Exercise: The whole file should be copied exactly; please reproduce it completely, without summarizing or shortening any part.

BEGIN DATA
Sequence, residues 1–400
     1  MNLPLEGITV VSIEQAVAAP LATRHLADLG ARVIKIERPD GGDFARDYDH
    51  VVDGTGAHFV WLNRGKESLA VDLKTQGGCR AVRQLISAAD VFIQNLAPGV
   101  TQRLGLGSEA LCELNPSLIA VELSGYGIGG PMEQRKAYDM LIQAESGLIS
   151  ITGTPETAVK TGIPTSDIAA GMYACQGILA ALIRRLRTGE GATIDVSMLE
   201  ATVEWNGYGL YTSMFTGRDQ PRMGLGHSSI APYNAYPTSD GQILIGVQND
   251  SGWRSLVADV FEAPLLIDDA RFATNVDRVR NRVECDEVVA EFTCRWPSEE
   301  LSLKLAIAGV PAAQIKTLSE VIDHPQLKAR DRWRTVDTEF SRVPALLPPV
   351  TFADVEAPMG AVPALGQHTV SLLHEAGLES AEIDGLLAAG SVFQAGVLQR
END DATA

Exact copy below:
Sequence, residues 1–400
     1  MNLPLEGITV VSIEQAVAAP LATRHLADLG ARVIKIERPD GGDFARDYDH
    51  VVDGTGAHFV WLNRGKESLA VDLKTQGGCR AVRQLISAAD VFIQNLAPGV
   101  TQRLGLGSEA LCELNPSLIA VELSGYGIGG PMEQRKAYDM LIQAESGLIS
   151  ITGTPETAVK TGIPTSDIAA GMYACQGILA ALIRRLRTGE GATIDVSMLE
   201  ATVEWNGYGL YTSMFTGRDQ PRMGLGHSSI APYNAYPTSD GQILIGVQND
   251  SGWRSLVADV FEAPLLIDDA RFATNVDRVR NRVECDEVVA EFTCRWPSEE
   301  LSLKLAIAGV PAAQIKTLSE VIDHPQLKAR DRWRTVDTEF SRVPALLPPV
   351  TFADVEAPMG AVPALGQHTV SLLHEAGLES AEIDGLLAAG SVFQAGVLQR